$509 Million ($1.47B total)
Prior Fiscal: $468 Million
Percentage Change: +8.7%
No. of Employees: 4,500
Global Headquarters: Plainsboro, N.J.
Peter Arduini, President and CEO
Carrie Anderson, Corp. VP and CFO
Glenn G. Coleman, Corp. VP and COO
Kenneth Burhop, Corp. VP, Chief Scientific Officer
William Compton, Sr. VP, Chief Information Officer
Robert T. Davis, Jr., Corp. VP and President, Orthopedics and Tissue Technologies
Dan Reuvers, Corp. VP and President, Codman Specialty Surgical
Paul Gonsalves, Sr. VP, Chief Commercial Officer
Michael McBreen, Sr. VP and President, International
John Mooradian, Corp. VP, Global Operations and Supply Chain
Judith E. O’Grady, R.N., M.S.N., R.A.C., Corp. VP, Global Regulatory Affairs
Integra is a company that could be seen as in a state of flux, at least when viewed from an orthopedic perspective. With the Codman acquisition in 2017, the firm seemed to move much more into the neurosurgical space than the orthopedic arena. The organization was notably absent from last year’s Top Company list and only returned this year due to the acquisition of DJO and its subsequent lack of an annual report. This status is counter to the direction the company was taking back in 2011 when it acquired SeaSpine—a provider of spinal fusion products. Of course, only a short four-years later, Integra completed the spinout of that same entity to stand on its own once again.
Integra President and CEO Peter J. Arduini might disagree with that assessment, though. “With the integration of Codman Neurosurgery nearing completion, important channel investments in place, and exciting new product introductions on the horizon, we expect to reap the benefits of a comprehensive product portfolio, a larger and more focused sales team, and a broader global footprint,” he said in his letter to shareholders in the company’s 2018 annual report.
Within that same letter, Arduini notes the company is living up to the vision of its founder, Dr. Richard Caruso, in providing medical technologies and products that make it a leader in regenerative medicine, which includes extremity orthopedics.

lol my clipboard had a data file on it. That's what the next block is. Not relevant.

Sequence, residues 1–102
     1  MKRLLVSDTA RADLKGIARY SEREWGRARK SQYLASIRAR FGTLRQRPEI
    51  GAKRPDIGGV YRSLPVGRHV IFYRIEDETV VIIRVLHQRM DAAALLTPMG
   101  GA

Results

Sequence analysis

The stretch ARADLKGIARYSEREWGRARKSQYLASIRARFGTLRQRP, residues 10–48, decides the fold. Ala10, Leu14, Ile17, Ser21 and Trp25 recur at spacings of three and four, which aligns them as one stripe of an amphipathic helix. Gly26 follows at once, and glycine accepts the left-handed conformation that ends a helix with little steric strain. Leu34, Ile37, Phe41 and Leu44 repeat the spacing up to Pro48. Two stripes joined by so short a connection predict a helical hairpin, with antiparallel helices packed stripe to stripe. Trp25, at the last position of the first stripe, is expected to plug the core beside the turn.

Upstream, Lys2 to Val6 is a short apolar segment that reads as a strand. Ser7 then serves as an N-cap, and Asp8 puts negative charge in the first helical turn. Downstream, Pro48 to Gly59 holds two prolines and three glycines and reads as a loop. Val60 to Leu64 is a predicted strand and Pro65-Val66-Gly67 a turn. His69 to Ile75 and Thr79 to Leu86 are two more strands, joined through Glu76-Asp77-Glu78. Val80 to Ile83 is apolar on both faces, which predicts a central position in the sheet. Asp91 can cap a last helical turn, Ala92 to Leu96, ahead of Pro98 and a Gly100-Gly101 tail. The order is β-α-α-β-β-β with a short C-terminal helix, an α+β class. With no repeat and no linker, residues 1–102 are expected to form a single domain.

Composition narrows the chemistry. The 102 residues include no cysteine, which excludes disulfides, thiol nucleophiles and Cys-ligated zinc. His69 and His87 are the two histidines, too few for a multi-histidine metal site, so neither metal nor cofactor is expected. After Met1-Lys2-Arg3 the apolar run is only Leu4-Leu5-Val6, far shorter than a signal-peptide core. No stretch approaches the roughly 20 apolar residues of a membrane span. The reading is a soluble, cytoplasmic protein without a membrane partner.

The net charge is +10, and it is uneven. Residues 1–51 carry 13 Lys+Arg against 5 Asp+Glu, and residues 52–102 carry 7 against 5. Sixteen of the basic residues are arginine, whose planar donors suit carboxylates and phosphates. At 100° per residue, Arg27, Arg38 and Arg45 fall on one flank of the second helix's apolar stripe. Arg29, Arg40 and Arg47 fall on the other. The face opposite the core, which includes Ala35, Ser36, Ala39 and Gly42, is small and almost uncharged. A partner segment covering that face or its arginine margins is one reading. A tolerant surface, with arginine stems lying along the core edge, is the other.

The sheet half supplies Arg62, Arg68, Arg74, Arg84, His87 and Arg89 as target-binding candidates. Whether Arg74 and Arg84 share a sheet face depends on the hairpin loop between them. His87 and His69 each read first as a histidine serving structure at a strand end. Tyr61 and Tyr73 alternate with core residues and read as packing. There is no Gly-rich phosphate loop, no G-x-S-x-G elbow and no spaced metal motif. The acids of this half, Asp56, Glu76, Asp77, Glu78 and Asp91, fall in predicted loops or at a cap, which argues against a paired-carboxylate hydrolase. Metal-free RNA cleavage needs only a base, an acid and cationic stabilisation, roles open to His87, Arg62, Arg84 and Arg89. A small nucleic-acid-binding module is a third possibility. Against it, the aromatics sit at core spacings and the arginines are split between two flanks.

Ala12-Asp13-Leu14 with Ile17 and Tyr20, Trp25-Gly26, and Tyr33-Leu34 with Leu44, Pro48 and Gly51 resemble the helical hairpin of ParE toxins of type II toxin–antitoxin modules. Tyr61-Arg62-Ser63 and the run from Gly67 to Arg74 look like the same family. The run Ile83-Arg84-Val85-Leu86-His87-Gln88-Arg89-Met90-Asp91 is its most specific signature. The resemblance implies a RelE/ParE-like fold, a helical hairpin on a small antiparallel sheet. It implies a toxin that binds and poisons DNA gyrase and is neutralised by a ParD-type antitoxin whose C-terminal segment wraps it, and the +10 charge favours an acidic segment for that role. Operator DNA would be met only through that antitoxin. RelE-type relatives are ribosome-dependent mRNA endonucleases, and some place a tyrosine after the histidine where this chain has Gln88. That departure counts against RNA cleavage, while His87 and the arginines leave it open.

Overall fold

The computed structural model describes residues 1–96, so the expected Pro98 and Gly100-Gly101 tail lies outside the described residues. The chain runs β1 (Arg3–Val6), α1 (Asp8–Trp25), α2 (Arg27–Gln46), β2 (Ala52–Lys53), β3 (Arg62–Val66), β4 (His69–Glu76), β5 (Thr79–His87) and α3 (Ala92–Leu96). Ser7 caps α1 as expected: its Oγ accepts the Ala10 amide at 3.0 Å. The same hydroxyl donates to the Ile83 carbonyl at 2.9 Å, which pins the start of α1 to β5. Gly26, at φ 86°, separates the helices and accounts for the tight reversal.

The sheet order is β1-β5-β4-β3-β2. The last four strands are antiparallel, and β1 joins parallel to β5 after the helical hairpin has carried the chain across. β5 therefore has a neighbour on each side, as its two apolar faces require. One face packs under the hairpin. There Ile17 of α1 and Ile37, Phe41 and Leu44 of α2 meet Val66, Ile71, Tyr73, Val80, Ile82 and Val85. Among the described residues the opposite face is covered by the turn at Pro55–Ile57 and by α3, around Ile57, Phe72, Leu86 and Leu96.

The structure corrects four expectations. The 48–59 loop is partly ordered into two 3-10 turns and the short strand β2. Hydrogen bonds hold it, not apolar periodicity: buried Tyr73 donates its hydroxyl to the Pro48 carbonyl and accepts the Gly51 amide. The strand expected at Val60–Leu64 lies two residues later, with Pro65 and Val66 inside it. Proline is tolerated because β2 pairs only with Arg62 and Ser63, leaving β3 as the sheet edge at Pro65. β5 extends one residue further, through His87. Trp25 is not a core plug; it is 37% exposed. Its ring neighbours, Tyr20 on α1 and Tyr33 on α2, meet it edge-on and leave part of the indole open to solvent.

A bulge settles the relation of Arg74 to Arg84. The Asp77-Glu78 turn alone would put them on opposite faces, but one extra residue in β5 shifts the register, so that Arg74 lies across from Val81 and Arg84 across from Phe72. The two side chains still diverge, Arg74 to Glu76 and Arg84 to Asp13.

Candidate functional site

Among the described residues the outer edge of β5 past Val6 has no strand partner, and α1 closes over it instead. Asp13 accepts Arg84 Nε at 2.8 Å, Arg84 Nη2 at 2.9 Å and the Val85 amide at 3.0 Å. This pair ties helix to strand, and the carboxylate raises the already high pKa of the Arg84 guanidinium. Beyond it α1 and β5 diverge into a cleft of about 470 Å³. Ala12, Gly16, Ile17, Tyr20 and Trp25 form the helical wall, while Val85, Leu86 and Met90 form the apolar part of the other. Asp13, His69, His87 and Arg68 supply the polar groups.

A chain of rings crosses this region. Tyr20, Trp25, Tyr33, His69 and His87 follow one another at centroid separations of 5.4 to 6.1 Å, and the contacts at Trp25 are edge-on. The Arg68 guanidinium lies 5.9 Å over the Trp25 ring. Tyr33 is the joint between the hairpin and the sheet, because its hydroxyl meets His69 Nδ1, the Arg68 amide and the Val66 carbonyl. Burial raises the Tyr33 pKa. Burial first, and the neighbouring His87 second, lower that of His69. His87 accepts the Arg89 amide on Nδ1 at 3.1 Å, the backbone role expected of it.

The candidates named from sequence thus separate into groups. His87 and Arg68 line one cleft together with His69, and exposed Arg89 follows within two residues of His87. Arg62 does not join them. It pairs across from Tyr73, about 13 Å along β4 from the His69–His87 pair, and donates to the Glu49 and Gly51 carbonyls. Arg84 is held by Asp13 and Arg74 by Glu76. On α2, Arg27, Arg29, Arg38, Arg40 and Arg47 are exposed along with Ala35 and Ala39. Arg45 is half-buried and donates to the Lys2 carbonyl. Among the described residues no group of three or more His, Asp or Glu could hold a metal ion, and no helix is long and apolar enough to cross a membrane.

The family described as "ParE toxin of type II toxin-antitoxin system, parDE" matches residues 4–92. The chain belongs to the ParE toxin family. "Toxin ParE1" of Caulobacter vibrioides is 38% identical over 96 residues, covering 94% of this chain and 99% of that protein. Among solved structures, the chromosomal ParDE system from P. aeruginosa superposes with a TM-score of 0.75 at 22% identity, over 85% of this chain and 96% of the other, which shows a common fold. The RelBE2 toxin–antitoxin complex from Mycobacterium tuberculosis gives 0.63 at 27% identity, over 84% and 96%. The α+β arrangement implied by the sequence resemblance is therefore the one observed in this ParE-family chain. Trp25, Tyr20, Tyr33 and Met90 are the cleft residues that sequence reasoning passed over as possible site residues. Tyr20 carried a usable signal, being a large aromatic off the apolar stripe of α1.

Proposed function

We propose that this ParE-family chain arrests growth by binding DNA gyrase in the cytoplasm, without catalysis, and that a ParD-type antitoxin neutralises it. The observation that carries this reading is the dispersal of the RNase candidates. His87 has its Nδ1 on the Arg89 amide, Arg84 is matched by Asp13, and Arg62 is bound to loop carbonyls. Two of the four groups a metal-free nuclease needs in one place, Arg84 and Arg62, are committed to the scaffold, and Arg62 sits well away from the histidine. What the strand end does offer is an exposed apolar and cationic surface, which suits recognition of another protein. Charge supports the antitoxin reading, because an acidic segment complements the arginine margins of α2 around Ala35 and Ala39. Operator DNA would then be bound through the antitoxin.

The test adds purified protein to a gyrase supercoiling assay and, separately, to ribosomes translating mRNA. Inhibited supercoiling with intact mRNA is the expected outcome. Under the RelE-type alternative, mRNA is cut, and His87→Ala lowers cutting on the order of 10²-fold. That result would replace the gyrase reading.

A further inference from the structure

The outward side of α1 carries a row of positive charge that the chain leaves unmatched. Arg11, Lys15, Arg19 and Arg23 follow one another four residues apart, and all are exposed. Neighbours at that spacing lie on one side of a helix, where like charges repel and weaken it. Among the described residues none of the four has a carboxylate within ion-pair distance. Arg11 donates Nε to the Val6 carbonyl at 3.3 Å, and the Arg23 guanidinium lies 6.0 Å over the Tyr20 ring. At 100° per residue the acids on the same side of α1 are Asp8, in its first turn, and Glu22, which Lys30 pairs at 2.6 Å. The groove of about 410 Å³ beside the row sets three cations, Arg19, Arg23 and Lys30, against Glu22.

Although the company is lopsided in where revenue is generated between its two divisions—Codman Specialty Surgical, and Orthopedics and Tissue Technologies—by an almost 2:1 split, the orthopedics and tissue segment is still a vital component that has enjoyed favorable growth in recent years. The $508.5 million in 2018 sales was an 8.7 percent increase over 2017’s tally of $467.9 million. In the specific area of Extremity Orthopedics, the firm reported low-single digit revenue losses due to declines in its lower fixation portfolio, but those dips were mostly offset by growth in shoulder and ankle offerings.
In comparison, Integra’s Codman Specialty Surgical unit posted $963.9 million in 2018, which represented a 33.8 percent rise over the $720.3 million the segment brought in during 2017. The most direct (and obvious) reason for the increase was the enjoyment of a full year of revenues from the absorption of Codman Neurosurgery, which only offered partial contributions to the company during the previous fiscal in which it was purchased.